This fascinating book has a Dan Brown-like plot (but with much better writing). Academics search for clues to find missing persons and to research Vlad Dracula’s life (is he still living?). This research is conducted in medieval libraries (yay!) with much travel: Oxford, Istanbul, Budapest and Bulgaria. Actions happen in three times: the 1930s, 1950s and 1970s, often with parallel stories so the complex plot with much historical detail requires the full attention of readers. This is a really enjoyable read; thanks Steph, for this recommendation.
A second recommendation from Steph, so thanks again. This book is another example of a remarkable first novel, notable both for its imagination and context. A golem is created from clay and brought to life by her master who then promptly dies, leaving her adrift in New York. A jinni is accidentally released from a copper container. Much of this book is about alienation – how to fit into a human population. And the context is glorious: New York in 1899 with detailed descriptions of Little Syria and the Jewish enclave with some fantastic trips to Central Park. And yes, there is a wicked villain! This is a very entertaining book.
This book takes place in 1880 New York, with Moth from The Virgin Cure as one of the central characters. Witches abound in New York, along with ghosts and spirits. The practise of witchcraft is mostly folk magic. The story-telling is excellent, with some peril of course for the sisterhood. And there is an alienist. Will there be another sequel?
Not sure how I missed reading this classic science-fantasy book from 1962, but thanks to Amy, this serious omission has been rectified. This is a classic morality tale of good versus evil with two 13 year-old boys, a library as sanctuary, and a soul-destroying circus. How about this description of the circus carousel: “Its horses, antelopes, zebras, speared through their spines with brass javelins, having contorted as in death rictus, asking mercy with their fright—coloured eyes, seeking revenge with their panic-contorted teeth”. A dark fantastic masterpiece.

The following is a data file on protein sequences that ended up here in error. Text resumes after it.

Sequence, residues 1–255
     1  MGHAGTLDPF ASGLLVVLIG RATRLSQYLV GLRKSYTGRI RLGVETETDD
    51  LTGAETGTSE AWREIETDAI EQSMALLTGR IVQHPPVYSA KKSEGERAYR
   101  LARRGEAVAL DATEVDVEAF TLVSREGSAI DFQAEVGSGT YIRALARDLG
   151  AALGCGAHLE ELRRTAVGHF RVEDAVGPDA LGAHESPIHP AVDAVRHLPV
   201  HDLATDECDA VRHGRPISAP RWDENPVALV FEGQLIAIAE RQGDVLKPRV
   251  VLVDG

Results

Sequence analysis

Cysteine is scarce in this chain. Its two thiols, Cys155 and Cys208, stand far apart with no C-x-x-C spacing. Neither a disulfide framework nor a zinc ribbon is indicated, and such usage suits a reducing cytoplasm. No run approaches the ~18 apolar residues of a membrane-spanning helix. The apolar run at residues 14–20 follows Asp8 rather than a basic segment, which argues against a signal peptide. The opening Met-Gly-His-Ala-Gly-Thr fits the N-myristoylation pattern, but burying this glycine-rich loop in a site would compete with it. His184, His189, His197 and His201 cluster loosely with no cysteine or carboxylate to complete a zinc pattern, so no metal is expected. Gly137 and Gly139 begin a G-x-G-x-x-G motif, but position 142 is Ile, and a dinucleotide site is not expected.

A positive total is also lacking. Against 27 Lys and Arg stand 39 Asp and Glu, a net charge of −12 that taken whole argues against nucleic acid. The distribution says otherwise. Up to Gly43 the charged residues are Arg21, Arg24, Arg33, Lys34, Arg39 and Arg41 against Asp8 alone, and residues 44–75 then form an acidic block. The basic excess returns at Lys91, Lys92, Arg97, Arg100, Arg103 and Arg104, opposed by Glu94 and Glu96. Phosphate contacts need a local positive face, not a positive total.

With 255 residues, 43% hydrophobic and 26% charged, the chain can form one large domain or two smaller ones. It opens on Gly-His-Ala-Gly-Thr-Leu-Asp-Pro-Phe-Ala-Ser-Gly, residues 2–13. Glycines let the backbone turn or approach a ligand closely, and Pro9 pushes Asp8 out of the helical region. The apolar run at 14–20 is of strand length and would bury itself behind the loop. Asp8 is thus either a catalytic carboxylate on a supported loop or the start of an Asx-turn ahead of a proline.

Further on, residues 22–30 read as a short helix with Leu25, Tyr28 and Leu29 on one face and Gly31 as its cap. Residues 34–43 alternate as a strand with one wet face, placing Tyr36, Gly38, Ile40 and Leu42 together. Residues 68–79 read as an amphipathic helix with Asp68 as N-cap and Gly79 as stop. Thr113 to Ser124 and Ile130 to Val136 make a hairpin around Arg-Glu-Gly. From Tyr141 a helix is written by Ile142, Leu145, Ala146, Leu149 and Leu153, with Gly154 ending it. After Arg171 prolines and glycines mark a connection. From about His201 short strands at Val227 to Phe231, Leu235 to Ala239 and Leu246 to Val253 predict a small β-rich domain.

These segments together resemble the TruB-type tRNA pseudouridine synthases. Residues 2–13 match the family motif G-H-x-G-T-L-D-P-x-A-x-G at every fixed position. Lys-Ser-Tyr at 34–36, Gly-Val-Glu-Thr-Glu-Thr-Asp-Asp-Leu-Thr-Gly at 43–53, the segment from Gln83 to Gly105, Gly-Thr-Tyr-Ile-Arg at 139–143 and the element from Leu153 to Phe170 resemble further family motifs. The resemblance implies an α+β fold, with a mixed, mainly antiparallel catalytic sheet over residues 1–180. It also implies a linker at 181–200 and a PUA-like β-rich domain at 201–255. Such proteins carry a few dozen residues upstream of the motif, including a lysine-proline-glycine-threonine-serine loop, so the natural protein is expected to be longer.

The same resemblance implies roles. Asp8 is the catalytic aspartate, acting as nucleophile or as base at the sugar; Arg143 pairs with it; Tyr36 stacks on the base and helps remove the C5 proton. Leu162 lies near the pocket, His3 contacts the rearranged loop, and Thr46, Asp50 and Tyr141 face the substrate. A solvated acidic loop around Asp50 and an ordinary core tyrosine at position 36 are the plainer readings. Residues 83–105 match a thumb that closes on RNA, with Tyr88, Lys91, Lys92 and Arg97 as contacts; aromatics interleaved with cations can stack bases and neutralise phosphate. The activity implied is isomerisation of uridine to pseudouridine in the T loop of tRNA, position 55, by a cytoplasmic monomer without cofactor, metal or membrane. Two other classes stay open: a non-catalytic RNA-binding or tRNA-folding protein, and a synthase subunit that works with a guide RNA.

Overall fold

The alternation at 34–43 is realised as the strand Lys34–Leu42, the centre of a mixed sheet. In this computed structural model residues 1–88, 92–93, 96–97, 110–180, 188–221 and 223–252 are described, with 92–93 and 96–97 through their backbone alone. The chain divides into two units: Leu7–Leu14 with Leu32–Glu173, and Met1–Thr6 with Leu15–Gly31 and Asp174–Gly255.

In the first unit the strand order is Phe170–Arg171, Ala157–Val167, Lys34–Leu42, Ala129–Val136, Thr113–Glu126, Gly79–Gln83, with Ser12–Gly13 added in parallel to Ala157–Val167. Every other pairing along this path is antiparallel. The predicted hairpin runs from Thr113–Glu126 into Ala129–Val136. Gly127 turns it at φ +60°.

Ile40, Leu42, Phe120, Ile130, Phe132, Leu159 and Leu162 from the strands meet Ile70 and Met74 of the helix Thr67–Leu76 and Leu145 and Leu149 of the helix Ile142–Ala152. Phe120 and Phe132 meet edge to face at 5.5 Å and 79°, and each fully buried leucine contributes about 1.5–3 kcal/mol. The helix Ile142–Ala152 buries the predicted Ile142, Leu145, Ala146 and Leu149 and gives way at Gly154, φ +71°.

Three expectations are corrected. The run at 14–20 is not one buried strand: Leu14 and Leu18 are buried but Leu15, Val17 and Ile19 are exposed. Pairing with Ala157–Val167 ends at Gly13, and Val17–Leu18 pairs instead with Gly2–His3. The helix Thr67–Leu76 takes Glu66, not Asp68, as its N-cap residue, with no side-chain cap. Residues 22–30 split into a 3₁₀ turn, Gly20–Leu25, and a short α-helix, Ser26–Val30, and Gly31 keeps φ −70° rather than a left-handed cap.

Sometimes a fantasy book written in the horror genre is just so appealing and Hill (Stephen King’s son) is a go-to author (previous recommendation for Heart Shaped Box). In this book, the title is from the license plate on a vintage 1938 Rolls Royce Wraith car, and of course stands for Nosferatu (German for vampire). This is an imaginative story with portals between the physical world and the mind, with child abductions and serial killings: the story is violent with many vivid descriptions of pain and quite a few deaths, so be warned. If you like (occasional) horror books, this is a cracking good read.
An imaginative story about soul vampires who lust for immortality. Parts of this book are similar to The Bone Clocks, but the story is much shorter, more like a novella.
Amy notes: David reads so voraciously that I rarely get to say this: I read this book before him!
At the end of the book mentioned above, Swyler is interviewed and gives a list of some favourite books with circus themes, and Logan’s remarkable first novel is from that list. It is some time in the future when rising sea levels have eliminated most land masses. Thus people are divided between the land lockers who live on islands, and the seagoing damplings. A circus troupe travels by boat; the sail becomes the big-top tent. And there is a marked plot change half way through the book that enhances the story – a very satisfying book.